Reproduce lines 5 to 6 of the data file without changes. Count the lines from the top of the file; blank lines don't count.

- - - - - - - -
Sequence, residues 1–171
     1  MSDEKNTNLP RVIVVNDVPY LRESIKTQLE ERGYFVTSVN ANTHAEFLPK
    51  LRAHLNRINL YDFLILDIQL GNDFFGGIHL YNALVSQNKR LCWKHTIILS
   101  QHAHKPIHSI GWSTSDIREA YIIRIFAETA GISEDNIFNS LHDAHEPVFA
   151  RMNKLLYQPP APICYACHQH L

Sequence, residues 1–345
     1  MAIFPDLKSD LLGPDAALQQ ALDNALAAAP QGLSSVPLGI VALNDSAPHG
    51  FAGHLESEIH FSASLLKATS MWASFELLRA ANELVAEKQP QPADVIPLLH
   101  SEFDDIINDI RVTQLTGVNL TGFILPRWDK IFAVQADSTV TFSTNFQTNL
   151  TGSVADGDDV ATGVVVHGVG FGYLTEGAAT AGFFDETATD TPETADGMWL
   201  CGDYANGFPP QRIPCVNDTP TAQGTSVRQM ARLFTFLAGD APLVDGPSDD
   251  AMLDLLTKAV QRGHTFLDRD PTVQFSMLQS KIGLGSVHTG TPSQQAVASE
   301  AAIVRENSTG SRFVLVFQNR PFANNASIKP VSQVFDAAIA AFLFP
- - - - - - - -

   151  RMNKLLYQPP APICYACHQH L

Sequence, residues 1–345